Do you remember when the Berlin Wall fell?
Well, that’s about when Gunther and his late wife Christine set off on their epic road trip.
They lived for more than two decades in the back of a 1988 Mercedes G Wagon named ‘Otto’.
At first they planned to travel across Africa for only a year or two. With only a couple of interruptions, they ended up staying for 5 years.
When their time in Africa came to a close, the couple shipped the car to South America, and for the next almost two decades kept finding more and more of the World to explore.
The more you travel, the more you realize how little you’ve seen. And the more you’ve seen and experienced, the more you want to continue seeing and continue experiencing.
After 500,000 miles, 172 countries, and 23 years, Gunther (he lost his wife to cancer in 2010) has finally settled down. He returned to Germany this year and now spends his days at his rented home there.
A Love of Adventure
At 51, Gunther retired from an executive position at a German airline company. After retirement, he worked for a time as head of another small airline in Germany.
But he soon grew tired of the lifestyle, and moved to Jakarta, Indonesia to start a map-making business.
He ran the map business for 15 years while he traveled 2/3 of each year in ‘Otto’. When needed at the map business, he’d put ‘Otto’ in storage and fly home to take care of business.
Then it was back to adventure.
A Simple Life on the Road – and One Amazing Car Camper
You’ve probably never heard of Gunther and Christine because they don’t have a blog, don’t use cell phones, and rarely ever use a computer.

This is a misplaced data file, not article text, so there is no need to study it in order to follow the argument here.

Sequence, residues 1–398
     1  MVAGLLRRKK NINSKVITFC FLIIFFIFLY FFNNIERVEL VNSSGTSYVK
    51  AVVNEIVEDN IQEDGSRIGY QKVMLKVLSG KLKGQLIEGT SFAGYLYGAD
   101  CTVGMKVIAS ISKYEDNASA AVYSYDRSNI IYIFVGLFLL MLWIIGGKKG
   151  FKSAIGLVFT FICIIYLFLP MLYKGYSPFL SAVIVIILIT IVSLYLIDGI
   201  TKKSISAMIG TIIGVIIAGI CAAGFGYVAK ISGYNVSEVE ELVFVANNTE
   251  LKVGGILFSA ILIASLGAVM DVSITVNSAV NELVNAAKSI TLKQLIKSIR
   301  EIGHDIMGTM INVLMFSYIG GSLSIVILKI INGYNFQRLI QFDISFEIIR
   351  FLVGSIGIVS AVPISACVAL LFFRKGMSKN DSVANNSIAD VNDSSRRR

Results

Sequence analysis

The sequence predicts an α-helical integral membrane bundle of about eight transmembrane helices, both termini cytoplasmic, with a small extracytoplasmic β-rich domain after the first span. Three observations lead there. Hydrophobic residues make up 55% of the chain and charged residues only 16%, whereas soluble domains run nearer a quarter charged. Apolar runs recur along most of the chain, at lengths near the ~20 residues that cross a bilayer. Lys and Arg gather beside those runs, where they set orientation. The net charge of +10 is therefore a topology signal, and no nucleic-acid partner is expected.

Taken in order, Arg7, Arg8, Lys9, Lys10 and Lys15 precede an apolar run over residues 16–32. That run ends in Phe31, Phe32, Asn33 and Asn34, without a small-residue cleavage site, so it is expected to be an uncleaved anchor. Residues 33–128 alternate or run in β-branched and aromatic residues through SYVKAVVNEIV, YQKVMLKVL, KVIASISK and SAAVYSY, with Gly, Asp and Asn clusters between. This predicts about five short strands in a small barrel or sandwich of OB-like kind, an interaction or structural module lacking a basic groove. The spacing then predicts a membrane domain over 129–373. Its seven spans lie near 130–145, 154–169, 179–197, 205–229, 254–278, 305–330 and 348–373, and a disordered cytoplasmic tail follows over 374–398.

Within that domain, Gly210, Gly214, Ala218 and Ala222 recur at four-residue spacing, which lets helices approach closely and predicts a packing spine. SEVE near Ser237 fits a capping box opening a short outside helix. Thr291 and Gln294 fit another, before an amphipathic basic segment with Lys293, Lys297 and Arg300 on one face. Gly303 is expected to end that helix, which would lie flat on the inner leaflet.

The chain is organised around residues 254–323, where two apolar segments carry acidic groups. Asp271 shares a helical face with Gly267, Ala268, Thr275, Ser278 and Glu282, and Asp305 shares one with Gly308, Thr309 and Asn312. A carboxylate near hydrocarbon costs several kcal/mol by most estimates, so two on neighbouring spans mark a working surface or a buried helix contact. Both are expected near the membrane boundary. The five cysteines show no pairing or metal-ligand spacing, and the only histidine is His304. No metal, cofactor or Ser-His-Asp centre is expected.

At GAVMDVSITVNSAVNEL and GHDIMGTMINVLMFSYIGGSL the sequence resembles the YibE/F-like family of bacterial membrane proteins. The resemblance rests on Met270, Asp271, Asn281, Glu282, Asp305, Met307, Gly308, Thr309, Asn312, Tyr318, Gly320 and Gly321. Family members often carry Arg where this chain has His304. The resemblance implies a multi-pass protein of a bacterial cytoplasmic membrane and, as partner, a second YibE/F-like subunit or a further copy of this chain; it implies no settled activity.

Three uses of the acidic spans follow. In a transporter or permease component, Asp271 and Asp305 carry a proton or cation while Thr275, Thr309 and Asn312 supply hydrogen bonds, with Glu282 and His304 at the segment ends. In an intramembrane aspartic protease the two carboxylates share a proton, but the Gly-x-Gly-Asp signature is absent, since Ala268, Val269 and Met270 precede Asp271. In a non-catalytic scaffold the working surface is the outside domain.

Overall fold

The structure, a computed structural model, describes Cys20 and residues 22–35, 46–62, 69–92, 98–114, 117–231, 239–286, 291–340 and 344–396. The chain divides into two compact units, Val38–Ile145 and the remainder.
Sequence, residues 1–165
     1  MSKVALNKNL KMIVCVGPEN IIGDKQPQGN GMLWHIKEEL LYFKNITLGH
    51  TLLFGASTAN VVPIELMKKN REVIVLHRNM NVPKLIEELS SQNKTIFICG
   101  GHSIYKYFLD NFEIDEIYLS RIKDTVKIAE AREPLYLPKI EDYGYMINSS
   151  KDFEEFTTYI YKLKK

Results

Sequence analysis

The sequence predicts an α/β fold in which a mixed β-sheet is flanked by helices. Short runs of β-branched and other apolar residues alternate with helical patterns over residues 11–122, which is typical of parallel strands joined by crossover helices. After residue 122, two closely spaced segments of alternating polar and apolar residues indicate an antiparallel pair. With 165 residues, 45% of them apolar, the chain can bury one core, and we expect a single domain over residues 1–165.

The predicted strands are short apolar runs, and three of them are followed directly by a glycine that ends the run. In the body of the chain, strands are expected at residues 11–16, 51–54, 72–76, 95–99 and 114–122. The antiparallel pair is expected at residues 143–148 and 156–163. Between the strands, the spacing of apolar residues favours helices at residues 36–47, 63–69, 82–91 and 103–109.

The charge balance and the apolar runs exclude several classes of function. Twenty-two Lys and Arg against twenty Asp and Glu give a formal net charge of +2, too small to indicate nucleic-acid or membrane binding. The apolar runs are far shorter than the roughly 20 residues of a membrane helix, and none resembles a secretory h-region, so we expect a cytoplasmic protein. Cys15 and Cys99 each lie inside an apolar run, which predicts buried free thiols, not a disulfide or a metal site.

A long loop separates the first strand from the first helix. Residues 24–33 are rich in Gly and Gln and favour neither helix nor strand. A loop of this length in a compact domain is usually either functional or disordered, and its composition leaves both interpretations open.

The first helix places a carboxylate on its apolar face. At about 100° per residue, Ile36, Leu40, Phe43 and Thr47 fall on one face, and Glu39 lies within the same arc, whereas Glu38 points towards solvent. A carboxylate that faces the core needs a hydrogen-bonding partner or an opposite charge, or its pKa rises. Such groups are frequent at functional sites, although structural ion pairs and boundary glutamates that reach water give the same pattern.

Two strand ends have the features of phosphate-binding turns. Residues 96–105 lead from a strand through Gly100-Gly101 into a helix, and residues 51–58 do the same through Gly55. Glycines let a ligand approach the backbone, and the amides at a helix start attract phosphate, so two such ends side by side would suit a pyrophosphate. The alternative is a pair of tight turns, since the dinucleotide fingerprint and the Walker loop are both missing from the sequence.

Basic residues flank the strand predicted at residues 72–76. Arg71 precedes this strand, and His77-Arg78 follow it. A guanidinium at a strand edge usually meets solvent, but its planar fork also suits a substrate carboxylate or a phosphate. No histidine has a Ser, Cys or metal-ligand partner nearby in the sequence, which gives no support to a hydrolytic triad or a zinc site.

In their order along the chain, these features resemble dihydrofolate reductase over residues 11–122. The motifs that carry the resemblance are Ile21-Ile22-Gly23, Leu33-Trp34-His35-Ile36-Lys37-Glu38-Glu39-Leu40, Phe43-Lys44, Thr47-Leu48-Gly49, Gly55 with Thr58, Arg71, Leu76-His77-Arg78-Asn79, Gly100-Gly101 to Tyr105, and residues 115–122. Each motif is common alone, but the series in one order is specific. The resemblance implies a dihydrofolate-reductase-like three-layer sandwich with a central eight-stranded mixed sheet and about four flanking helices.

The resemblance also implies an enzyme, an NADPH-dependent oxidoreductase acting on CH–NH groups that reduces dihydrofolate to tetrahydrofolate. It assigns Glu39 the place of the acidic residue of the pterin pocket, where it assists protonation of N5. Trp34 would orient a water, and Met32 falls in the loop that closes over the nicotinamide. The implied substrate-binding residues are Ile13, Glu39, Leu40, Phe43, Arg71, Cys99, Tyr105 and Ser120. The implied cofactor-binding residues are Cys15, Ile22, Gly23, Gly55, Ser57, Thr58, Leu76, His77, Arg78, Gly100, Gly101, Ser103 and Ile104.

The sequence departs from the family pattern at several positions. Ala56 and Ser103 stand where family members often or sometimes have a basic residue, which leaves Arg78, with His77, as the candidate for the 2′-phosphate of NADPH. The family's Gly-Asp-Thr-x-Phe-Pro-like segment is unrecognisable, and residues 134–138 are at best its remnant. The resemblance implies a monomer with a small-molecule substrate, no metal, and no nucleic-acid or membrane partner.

When interviewed a few years ago, he said about cooking on the road,
Nothing fancy. We have a very straightforward gas cooker, with two gas bottles that last about three to four months. We prepare a real dinner every night. No canned food or fast food. We shop in local markets.
He would never sleep in hotels or eat at restaurants. Living on the cheap like this kept his monthly living expenses down to under $1,000 a month, even until very recently.
When asked if he wants to be remembered for his lifetime spent traveling, Gunther says,
It’s not about me being remembered. I want Otto to be remembered, and so would my late wife. The car belongs in a museum. The car will continue to live—that’s what I want to see. It’s not me that is special; it’s the car. This car has been in so many countries all around the planet.
True to Christine and Gunther’s wishes, Mercedes will buy ‘Otto’ and place it in the Mercedes museum in Stuttgart, Germany.
Take a look at ‘Otto’, Gunther, and Christine in some remarkable locations.
Back in Berlin, finally!
Watch this video about their amazing travels.